Friday, October 16, 2015

A Trip to the Frick Collection

When I decided to head to school in New York City, a city full of some of the greatest museums in the world, my dad repeatedly reminded me to check out his favorite. “You have to see the Frick, it’s this rich man’s art collection in his grand, old mansion.” And I did what all good children do, and nodded my head and totally disregarded this golden piece of advice.

The entrance to the collection, on the corner of E. 70th and 5th Ave.

This week when I found out I had a day off of both work and class, I decided I would pay the Frick Collection a visit. I gathered a few of my roommates and walked up and through the park to the Upper East Side.

The iconic indoor garden.
The building was a masterpiece in itself, complete extravagance and beauty. My friends and I repeatedly wondered how someone lived in this incredible mansion in New York City. It felt like a quick trip to Europe. We saw a lot of work and practice sketches from an Italian painter named Andrea del Sarto, whom Henry Clay Frick really admired. We saw beautiful portraits from Fran├žois Boucher, Joseph Mallord William Turner, and more incredible artists I had never heard of. 

We saw the iconic indoor garden and the water fountain, wondered more about how someone could be this wealthy, and continued our exploration through the halls. Before we left, we sat down to watch a small video about the history of the collection. I learned that Henry Clay Frick was not just some old, rich dude. He intended for his collection to be housed in his home so that in the future the public could enjoy his favorite works. He had passed away in 1919 and the museum didn’t officially open until 1935. It was cool to experience these famous paintings, rather than him having kept them locked away in his own privacy. So, thanks Mr. Frick! I absolutely loved your house and your impressive collection of art!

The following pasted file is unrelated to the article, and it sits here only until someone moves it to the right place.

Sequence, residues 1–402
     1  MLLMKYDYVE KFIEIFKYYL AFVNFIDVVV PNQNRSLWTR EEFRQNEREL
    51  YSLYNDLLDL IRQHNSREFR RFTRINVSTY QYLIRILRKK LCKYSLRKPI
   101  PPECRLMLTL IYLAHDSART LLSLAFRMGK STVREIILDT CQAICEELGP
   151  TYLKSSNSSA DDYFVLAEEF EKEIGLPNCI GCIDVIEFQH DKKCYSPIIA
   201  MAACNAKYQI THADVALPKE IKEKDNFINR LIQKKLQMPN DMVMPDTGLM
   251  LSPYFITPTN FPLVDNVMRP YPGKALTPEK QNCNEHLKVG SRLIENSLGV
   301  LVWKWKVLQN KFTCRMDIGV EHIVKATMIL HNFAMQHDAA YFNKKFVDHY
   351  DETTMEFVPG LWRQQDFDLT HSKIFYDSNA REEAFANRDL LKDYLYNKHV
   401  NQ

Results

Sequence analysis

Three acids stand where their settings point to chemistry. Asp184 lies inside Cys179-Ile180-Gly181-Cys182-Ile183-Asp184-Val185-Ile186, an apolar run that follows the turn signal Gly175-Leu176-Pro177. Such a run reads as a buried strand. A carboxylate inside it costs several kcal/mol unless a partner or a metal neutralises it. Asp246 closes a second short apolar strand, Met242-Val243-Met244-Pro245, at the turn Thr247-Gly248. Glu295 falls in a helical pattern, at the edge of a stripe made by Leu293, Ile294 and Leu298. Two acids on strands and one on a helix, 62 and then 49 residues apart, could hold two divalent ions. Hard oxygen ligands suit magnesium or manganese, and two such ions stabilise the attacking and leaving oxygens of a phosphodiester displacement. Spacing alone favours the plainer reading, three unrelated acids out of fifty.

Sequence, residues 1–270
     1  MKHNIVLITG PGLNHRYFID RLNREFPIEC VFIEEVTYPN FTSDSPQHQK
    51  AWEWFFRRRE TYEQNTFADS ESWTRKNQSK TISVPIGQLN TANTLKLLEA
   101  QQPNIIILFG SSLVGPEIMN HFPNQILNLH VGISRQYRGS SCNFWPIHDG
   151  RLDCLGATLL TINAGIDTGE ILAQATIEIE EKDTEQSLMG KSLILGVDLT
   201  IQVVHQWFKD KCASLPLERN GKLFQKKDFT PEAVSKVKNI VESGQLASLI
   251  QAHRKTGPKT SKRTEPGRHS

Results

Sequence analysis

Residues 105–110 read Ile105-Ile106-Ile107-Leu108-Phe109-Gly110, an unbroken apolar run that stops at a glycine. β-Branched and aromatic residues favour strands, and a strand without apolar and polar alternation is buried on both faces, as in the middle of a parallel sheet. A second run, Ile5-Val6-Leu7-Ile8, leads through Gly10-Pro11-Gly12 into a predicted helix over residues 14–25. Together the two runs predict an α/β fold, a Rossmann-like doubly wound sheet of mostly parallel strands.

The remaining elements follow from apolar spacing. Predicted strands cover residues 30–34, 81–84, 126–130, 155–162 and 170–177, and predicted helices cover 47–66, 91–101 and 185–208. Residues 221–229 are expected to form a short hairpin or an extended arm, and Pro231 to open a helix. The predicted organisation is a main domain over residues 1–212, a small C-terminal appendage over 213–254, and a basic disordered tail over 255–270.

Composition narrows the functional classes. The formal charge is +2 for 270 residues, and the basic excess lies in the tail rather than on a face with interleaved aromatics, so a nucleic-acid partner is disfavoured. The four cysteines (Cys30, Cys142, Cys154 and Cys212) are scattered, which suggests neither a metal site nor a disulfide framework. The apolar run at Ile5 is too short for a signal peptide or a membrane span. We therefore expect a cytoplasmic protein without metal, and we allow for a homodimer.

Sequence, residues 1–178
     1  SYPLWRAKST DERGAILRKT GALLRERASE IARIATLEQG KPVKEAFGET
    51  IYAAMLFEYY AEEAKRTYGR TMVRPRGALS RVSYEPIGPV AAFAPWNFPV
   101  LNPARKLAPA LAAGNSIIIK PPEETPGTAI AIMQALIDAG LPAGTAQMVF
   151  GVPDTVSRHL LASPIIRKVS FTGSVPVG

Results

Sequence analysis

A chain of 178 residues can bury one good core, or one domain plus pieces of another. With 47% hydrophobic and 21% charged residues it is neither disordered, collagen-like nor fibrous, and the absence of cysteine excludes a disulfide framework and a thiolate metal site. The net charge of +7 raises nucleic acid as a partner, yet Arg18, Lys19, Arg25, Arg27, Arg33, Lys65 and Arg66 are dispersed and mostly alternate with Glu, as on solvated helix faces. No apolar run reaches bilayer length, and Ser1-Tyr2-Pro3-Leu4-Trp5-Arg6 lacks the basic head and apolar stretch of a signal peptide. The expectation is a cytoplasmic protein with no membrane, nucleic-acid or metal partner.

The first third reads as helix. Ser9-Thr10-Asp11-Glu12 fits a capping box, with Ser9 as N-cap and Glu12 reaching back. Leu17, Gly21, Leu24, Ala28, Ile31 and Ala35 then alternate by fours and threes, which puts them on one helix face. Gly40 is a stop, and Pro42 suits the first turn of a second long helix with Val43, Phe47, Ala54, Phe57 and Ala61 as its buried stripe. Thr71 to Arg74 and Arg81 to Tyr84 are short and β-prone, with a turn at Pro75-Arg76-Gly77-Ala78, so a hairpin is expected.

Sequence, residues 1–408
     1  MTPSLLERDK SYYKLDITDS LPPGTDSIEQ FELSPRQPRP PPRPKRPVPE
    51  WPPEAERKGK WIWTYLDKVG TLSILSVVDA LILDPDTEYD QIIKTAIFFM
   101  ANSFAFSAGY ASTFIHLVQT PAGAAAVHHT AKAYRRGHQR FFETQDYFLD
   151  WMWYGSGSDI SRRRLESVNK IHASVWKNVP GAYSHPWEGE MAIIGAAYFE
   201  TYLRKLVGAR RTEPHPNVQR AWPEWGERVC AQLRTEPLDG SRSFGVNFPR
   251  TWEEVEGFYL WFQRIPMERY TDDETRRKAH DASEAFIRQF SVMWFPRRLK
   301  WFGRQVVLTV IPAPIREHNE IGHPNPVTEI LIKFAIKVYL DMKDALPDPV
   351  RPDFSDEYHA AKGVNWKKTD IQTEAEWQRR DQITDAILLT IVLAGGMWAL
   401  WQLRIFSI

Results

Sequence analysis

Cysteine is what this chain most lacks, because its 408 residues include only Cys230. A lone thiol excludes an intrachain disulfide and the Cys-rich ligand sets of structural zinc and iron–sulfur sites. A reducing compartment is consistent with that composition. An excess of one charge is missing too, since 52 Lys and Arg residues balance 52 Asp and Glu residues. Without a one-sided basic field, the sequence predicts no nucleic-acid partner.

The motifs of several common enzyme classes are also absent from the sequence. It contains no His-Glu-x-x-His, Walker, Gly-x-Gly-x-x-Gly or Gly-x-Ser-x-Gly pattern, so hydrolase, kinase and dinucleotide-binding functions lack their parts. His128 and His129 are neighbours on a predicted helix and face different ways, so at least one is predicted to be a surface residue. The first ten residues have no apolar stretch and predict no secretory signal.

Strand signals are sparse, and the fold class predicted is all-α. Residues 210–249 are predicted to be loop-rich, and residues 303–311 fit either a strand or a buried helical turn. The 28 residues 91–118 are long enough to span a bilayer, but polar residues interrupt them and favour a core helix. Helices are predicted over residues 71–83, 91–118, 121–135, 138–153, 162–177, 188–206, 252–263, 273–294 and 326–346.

I also learned my parents are usually right, so I texted my dad these shots of the garden (since it is the only room in the museum that allows photography.) I highly recommend paying a visit to this incredible collection, just another Wednesday afternoon going to college in the coolest city in the world.


The indoor garden's water fountain.


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